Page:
September 26th, 2009 Brian Herzog
One service my library offers, that makes me absurdly happy, is that we have a collection of the textbooks used in the local middle schools.
I think it's a valuable community-based resource. If a kid forgets his book at school, the family can still come to the library up until 9pm so the student can do his reading, photocopy his assignment pages, whatever.
And they're very heavily used. I wonder if people consider them a homework last-resort (which they are in my mind), or if families who come to the library often just count on using them and so the kids always leave their books at school.
In either case, a woman and her son came to the desk this week and asked for the seventh grade history text book. No problem, I gave it to the boy, and they went off and photocopied what they needed. But when they brought the book back, the mom asked:
Patron: Do you have the workbook that goes with this?
Me: [checking the shelf] No, it looks like just that textbook.
Patron: Well, his older brother was in this class last year, and the teacher kept handing out homework assignments from a little workbook.
Me: Oh, sometimes textbooks come with teacher supplements, but those are only for the teacher.
Patron: I just thought that if you could get all the homework for us, I could have his older brother just do them all right now, so this one can just turn them in when they're due instead of having to work on them during vacations and weekends.
I'm not a parent, but if I ever become a parent, I never want to be this kind of parent.
July 7th, 2009 Brian Herzog
Two posts this weekend caught my eye, both being new (to me) ideas on serving kids and students.
The first was a New York Times article about Chegg.com, a company that rents textbooks to college students. They use the Netflix model, which makes a lot of sense for something as temporary and expensive as textbooks.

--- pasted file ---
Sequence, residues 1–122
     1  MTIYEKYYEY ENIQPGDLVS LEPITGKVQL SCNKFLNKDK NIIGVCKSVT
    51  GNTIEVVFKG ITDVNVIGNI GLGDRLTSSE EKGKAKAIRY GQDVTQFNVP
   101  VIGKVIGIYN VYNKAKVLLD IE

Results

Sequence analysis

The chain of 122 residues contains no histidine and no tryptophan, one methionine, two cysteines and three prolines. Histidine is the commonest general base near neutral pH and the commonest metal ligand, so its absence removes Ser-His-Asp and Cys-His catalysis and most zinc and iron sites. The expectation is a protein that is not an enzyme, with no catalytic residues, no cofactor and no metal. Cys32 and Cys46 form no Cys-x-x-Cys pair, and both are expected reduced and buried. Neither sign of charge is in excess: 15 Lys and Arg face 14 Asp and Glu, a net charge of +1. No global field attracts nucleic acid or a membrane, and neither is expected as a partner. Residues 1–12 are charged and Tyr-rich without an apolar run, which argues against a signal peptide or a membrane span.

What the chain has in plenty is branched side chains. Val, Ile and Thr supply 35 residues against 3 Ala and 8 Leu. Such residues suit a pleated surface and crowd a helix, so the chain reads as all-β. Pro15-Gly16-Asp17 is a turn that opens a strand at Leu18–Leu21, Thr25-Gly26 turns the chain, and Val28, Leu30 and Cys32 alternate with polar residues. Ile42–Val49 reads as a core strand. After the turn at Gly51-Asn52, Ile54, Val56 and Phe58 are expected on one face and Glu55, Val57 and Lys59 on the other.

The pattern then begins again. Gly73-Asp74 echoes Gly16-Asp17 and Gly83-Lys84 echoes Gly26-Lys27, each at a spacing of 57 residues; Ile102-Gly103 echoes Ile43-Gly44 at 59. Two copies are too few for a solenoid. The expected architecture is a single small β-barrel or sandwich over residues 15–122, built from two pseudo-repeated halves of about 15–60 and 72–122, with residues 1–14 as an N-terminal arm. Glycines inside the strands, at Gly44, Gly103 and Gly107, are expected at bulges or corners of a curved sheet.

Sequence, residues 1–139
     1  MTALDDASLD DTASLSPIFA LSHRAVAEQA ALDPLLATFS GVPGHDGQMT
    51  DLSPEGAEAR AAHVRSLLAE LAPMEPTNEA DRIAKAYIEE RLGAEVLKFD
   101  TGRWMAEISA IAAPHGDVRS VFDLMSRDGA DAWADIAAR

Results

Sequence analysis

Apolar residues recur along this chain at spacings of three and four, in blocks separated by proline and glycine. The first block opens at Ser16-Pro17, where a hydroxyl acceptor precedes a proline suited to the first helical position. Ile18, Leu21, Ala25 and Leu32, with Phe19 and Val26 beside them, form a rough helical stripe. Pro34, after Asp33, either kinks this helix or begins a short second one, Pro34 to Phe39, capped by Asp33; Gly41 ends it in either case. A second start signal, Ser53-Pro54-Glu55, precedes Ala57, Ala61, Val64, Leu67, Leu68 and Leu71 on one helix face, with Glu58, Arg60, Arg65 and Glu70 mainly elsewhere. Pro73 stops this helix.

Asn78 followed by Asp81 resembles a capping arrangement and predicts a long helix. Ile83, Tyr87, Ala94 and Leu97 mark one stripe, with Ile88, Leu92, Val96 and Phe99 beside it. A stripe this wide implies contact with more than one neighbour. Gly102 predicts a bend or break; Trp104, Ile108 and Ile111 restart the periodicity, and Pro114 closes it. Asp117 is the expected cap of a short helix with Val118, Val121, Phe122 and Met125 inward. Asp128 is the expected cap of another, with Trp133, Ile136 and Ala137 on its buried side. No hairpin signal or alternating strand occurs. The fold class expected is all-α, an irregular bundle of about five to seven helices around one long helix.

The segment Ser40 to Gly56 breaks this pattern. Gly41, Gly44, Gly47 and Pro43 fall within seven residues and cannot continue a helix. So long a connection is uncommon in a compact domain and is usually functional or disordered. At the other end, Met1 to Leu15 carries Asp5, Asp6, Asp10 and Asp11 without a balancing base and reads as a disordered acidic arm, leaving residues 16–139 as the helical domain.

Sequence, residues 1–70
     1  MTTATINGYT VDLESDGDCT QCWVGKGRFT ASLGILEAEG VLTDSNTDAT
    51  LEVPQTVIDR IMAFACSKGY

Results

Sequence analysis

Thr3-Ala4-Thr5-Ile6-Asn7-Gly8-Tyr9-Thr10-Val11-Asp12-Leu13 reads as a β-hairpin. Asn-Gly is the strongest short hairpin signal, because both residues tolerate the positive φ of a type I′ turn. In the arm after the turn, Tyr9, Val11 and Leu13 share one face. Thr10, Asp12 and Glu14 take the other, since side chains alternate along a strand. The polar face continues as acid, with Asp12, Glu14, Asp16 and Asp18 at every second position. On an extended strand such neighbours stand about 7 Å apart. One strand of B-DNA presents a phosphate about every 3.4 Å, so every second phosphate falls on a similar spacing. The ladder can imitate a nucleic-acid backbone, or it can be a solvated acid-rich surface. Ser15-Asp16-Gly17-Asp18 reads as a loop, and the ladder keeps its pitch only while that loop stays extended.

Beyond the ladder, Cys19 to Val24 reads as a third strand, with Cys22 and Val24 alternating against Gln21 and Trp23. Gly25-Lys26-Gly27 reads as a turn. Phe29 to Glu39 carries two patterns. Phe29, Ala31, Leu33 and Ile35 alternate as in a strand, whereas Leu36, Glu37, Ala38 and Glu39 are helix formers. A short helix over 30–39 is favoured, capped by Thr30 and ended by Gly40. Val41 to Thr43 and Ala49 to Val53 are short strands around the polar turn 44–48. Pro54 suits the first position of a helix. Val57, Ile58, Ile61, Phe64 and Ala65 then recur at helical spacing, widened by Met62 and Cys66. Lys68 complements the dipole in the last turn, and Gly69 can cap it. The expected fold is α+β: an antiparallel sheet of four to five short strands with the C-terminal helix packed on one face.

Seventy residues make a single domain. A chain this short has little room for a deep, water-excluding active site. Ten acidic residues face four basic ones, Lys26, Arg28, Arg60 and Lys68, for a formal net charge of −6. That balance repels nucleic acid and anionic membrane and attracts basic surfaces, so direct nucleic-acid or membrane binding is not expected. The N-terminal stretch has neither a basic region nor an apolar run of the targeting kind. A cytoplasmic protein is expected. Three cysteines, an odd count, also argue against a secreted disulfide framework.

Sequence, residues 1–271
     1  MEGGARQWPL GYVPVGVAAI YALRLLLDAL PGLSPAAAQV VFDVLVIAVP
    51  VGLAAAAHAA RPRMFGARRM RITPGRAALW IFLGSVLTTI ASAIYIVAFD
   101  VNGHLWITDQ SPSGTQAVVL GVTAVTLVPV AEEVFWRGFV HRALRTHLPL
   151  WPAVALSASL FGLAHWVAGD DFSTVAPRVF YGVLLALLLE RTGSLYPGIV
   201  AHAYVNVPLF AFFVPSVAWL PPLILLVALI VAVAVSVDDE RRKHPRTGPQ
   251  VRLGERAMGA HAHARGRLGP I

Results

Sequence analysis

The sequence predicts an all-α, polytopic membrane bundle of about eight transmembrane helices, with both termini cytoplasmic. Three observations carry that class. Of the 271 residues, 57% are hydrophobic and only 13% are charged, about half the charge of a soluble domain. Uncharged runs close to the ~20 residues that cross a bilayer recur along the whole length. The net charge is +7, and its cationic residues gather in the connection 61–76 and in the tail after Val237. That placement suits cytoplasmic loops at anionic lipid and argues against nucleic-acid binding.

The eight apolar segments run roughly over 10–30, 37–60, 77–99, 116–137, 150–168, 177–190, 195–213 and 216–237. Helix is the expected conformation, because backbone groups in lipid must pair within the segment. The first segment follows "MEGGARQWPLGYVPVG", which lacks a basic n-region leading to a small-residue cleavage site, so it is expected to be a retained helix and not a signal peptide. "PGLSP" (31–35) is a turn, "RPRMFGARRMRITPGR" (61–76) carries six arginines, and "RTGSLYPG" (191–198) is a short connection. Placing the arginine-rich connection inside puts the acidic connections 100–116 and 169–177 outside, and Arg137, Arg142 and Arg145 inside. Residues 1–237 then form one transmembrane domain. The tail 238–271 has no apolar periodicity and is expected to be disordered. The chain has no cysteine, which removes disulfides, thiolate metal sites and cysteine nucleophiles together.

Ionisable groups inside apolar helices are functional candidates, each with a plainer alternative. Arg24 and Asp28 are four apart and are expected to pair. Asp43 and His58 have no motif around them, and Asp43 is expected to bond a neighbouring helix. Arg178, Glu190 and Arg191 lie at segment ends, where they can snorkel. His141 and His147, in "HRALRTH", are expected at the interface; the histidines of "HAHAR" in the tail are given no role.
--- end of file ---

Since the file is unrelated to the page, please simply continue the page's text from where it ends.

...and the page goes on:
I always try to imagine the long-term implications of things. For renting textbooks, if it really takes off, it could mean that fewer will be purchased, which may cause them to get even more expensive. If it impacts the publishers' profits, it might drive them faster towards ebooks, which are much more difficult than print books to loan/rent/use for lots of DRM and format issues.
Downside to Summer Reading?
The second was an article from a mother who homeschools her children, on why she doesn't enroll them in summer reading programs. My library's summer reading program is usually elaborate, and kids have always seem to love it - participating seems to make reading more fun.
I read her article and the comments, and I still don't see a downside. Summer Reading Programs are an incentive for kids reluctant to read, and for kids that read anyway, they are still a fun way for them to get recognition. But most important, it's participating in something bigger than themselves, and reading by suggesting books along with other kids their age. It's not just about inflating circ stats or even building reading skills and habits - it's also about the social aspect of being a part of a community of people who enjoy learning and imagination.
via LISNews and Slashdot/LibraryStuff